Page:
However, you can only convert between the two with confidence if you understand what's being measured. Browsers and P2P programs are likely reporting "user data" transferred, not raw data transferred. Depending on the application protocol, there may be application-level overhead that reduces the quantity of "user data" transferred because a portion of the data is used by the application to control the transfer. I'm calling it "user data" because application protocols may encode source data in such a manner as to inflate its size. For instance, e-mail attachments and XML documents often use Base64 or MIME encoding to represent binary data. This can add up to 30% to the size of the data that needs to be transferred. If you have a 10Mbps connection that sends MIME data at full speed, 30% of the transfer speed could be used by the application's encoding. This reduces the effective transfer rate. That is, 10Mbps of data is being transferred but if 30% of it is used by the application to recreate the source data, the "user data transfer speed" (i.e. KB/sec or MB/sec) is significantly less than the raw transfer speed.
If you want to read why MIME/Base64 encoding is used, see this Wikipedia primer:
If you've wrapped your head around that, it's gets even muddier but the concepts are the same. Below the top-level application protocol is the network protocol. Commonly, TCP/IP is used which divides the data into packets and each packet contains a header. The header contains source and destination IP addresses, source and destination ports, packet sequence number, checksum and other "control data". This is underneath or below the MIME application encoding above and it also reduces the size of the "user data" that can be transferred.
Re: Not much increase here...
said by rradina:I understand what you're saying, but in most cases, the speed reported by my client software is higher, often significantly, than the speed reported by speed tests. The Speakeasy test is still showing me 15-20mbps, even though I just got done downloading a file that peaked at 4.2MB/s and was around 3MB/s for much of the transfer.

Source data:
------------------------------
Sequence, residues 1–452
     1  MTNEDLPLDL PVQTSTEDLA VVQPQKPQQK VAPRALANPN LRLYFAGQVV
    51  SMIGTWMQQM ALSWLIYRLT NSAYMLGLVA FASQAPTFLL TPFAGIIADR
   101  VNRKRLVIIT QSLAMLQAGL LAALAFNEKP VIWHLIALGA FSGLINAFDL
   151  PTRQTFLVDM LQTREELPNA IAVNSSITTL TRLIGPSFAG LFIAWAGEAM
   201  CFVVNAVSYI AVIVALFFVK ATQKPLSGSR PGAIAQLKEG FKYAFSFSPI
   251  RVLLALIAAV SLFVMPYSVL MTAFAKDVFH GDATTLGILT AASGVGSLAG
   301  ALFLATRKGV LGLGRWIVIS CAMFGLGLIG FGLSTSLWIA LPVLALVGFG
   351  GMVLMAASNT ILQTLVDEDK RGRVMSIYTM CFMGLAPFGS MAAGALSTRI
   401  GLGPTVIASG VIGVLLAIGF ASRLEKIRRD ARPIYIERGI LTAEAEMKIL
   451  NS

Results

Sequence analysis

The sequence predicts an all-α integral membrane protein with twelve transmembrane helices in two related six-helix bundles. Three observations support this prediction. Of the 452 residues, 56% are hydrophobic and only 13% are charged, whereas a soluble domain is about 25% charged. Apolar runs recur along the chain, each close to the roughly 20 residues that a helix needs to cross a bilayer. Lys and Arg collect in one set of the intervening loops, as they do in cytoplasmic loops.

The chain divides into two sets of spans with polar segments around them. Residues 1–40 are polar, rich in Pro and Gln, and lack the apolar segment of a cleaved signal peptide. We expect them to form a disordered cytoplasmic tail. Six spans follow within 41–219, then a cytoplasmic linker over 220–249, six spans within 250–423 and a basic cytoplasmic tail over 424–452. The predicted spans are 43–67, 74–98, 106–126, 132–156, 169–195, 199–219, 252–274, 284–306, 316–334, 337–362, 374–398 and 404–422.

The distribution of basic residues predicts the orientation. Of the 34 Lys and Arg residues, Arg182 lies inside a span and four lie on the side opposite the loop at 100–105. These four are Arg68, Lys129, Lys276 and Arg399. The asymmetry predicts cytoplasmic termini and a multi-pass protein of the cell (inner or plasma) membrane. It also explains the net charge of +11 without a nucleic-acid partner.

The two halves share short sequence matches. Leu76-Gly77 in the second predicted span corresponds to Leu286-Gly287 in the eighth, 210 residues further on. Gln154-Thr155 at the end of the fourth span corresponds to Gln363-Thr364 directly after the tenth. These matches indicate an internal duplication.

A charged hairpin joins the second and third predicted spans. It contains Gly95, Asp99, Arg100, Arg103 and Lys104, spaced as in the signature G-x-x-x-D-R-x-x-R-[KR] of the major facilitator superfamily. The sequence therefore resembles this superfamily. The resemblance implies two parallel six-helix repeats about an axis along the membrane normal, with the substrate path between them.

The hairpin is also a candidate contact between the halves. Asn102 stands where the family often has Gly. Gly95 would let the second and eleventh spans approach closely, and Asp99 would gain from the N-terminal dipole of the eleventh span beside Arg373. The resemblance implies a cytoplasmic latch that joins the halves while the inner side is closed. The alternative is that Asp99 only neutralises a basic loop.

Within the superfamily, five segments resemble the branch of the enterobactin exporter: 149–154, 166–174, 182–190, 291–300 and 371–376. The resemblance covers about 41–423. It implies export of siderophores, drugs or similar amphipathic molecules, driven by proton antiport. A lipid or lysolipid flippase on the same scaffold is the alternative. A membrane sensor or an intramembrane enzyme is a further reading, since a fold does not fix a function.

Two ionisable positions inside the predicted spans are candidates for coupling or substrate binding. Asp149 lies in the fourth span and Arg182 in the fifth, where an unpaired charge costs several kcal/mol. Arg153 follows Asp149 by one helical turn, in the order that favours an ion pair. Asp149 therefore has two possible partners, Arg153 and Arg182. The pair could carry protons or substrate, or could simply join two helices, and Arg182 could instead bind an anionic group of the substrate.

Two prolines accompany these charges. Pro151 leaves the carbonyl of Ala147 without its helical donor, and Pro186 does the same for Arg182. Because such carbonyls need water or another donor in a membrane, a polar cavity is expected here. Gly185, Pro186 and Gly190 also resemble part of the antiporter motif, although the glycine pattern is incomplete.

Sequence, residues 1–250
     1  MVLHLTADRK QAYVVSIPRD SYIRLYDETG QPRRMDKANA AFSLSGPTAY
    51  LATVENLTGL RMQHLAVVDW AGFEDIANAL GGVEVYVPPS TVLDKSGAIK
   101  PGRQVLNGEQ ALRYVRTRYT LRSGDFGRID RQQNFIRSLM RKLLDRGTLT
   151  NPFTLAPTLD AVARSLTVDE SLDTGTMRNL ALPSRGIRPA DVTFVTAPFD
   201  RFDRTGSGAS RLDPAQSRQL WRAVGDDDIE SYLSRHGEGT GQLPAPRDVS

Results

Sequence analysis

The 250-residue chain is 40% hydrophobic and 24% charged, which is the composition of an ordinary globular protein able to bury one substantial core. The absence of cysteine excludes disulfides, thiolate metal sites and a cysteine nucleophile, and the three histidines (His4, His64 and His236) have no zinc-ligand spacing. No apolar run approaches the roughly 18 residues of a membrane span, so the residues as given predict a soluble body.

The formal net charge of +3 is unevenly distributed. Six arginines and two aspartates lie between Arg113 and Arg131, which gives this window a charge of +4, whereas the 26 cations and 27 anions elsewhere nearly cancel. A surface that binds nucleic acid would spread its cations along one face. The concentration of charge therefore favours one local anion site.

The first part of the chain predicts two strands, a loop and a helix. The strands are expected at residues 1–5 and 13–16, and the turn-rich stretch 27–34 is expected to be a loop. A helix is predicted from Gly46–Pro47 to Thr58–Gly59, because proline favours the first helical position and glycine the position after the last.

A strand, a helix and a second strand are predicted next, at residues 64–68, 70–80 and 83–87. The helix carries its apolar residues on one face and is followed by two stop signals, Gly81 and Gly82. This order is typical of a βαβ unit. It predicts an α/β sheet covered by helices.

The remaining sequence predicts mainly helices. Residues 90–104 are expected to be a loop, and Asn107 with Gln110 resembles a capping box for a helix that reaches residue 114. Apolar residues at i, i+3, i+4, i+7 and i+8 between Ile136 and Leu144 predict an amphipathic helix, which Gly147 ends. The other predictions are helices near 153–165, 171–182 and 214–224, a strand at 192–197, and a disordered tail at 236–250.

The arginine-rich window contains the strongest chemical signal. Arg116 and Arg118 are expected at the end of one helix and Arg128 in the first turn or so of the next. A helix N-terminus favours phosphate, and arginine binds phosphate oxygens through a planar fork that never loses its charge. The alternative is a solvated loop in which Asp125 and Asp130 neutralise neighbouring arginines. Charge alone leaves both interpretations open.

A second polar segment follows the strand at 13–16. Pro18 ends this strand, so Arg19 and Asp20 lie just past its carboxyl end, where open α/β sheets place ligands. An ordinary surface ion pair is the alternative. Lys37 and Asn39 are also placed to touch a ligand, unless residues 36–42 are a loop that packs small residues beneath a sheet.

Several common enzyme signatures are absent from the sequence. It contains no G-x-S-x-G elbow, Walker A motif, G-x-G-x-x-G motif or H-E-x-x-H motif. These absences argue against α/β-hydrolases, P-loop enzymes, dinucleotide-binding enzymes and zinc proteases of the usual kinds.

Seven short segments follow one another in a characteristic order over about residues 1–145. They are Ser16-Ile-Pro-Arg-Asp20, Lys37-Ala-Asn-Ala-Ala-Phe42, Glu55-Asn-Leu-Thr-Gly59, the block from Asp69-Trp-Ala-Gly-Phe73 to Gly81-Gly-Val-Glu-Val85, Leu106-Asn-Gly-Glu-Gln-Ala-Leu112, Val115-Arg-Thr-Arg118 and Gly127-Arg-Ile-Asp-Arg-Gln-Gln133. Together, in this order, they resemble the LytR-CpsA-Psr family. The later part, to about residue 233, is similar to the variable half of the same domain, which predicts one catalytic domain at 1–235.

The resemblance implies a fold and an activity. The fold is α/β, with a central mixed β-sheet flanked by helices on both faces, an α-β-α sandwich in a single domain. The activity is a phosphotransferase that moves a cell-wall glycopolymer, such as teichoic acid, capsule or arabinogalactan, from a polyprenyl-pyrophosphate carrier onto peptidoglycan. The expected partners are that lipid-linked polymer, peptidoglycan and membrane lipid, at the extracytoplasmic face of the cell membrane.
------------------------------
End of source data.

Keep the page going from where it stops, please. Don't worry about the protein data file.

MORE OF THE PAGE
Browsers and P2P programs are likely reporting "user data" transferred, not raw data transferred. Depending on the application protocol, there may be application-level overhead that reduces the quantity of "user data" transferred because a portion of the data is used by the application to control the transfer.
Personally, I'd rather have the ISP tell me that I can expect speeds of 2-4MB/s rather than saying I'll be getting 20-30mbps.
Re: Not much increase here...
said by rradina:Typically, the further away the test site is, the worse the speed.
The difference you see could be related to the SpeedTest site vs. the download site. Your ISP could have a better route to the download site vs. the SpeedTest site. Try using a different SpeedTest site -- even if it's a bit further away -- to see if the results are more consistent.
Re: Not much increase here... True but as always, it depends. Even large markets with multiple premier backbone providers can have interesting routes. If two backbone providers don't share traffic until they get to a major hub (i.e. Chicago, NYC, WDC, etc.), a speedtest site in your hometown may require packets to leave town, go hundreds of miles away, cross over and return hundreds of miles. When this happens, it's far better to choose the speed test site at the major hub than the site next door.
As an example, the speed test site in St. Louis (where I am) stinks. It's better for me to use sites in Chicago, Dallas or Kansas City because Charter has direct routes to those cities. However, the local speed test site has traffic going to Chicago and back. (Download something like Ping Plotter and watch where the packets travel.)
Speed test sites are also not created equal. I've tried to use the speed test site in St. Louis from a lot of provider networks in town and I've never had great results.